Circumarctic Lakes Observation Network (CALON)
About one-quarter of the lakes on earth are located in the Arctic, with their origin and distribution largely controlled by the presence of permafrost, glacial history, and the regional water balance. About half of the Arctic Coastal Plain (ACP) of Alaska is covered with lakes and drained lake basins, making these features the dominant landscape elements and a crucial component of the Arctic system. Lakes are intimately tied to the regional climate through their energy and water budgets and profoundly affect regional permafrost character. Arctic lakes release large quantities of carbon dioxide and methane to the atmosphere and absorb up to 35% more solar energy than the surrounding tundra during summer. Atmospheric effects on Arctic lakes, such as precipitation, temperature, radiation, wind, and humidity impact lake levels, water temperature, evaporation, mixing, ice cover, and lake productivity. Lakes play a vital role in the Arctic ecology, and there is concern that biological communities and lake productivity are vulnerable to the effects of climate warming. Water quality degradation and changes in lake hydrology are additional concerns for indigenous communities, since lake systems play a crucial role in I˝upiaq subsistence, culture, and heritage. This project will allow us to make spatial and temporal comparisons across Arctic Alaska to determine the impact of warmer temperatures, changing cloud cover and precipitation patterns, permafrost degradation, and direct human impacts on lakes.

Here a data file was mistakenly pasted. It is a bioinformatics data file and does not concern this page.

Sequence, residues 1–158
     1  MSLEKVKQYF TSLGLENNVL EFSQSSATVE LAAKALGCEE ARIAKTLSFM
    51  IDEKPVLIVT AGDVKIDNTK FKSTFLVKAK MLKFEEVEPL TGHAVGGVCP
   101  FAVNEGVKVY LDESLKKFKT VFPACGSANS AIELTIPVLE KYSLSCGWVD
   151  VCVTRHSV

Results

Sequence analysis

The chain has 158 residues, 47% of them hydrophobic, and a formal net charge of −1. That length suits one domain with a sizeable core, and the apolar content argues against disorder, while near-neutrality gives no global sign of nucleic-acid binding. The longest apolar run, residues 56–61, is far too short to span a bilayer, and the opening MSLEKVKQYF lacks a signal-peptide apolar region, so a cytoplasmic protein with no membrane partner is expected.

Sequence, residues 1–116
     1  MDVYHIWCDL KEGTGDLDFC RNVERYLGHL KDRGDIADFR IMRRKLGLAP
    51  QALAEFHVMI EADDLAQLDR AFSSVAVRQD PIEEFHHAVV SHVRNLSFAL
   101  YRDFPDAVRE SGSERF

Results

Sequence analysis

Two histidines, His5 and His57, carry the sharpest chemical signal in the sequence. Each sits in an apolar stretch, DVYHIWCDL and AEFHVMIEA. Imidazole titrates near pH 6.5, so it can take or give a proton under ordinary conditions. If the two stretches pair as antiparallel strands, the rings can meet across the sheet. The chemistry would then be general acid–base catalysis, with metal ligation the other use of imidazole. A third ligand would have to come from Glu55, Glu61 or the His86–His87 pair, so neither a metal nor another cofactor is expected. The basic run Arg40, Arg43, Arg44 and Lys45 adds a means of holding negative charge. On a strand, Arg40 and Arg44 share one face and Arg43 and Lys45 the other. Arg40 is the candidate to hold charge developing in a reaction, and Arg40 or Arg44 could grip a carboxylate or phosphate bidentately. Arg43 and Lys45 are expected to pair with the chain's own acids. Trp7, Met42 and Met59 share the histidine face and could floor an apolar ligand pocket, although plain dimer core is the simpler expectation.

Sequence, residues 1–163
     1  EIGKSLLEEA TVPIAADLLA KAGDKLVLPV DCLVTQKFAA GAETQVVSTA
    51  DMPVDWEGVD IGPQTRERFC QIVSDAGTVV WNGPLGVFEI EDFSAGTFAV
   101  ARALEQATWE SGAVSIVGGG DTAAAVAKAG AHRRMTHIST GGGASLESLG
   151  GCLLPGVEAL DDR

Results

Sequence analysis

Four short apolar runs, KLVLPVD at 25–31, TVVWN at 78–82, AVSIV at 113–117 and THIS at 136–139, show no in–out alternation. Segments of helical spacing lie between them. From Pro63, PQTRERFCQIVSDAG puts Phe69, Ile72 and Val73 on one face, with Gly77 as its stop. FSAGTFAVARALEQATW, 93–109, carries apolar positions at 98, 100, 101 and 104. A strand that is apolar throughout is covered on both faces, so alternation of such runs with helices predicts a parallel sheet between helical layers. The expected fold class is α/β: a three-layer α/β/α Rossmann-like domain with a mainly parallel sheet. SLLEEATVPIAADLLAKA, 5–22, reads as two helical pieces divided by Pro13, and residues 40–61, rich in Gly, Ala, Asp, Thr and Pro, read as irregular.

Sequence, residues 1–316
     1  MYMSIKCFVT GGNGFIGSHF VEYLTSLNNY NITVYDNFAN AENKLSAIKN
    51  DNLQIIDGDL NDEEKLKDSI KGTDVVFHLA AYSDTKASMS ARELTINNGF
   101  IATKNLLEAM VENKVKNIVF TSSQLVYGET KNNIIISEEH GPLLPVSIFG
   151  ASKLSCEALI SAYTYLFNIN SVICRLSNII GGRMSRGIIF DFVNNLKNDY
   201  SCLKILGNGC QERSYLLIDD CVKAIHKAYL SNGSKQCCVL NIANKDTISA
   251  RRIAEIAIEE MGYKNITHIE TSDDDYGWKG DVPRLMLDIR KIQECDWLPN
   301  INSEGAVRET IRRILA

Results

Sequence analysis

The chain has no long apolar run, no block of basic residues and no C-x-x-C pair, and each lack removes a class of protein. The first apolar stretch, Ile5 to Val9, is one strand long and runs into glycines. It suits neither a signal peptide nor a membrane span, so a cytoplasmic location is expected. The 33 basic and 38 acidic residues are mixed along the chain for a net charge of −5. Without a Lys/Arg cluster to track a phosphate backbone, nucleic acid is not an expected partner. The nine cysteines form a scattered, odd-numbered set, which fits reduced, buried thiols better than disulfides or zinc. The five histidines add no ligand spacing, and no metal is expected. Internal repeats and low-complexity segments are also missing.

Principal Investigator: Benjamin Jones, email@example.com, Alaska Science Center, Anchorage, AK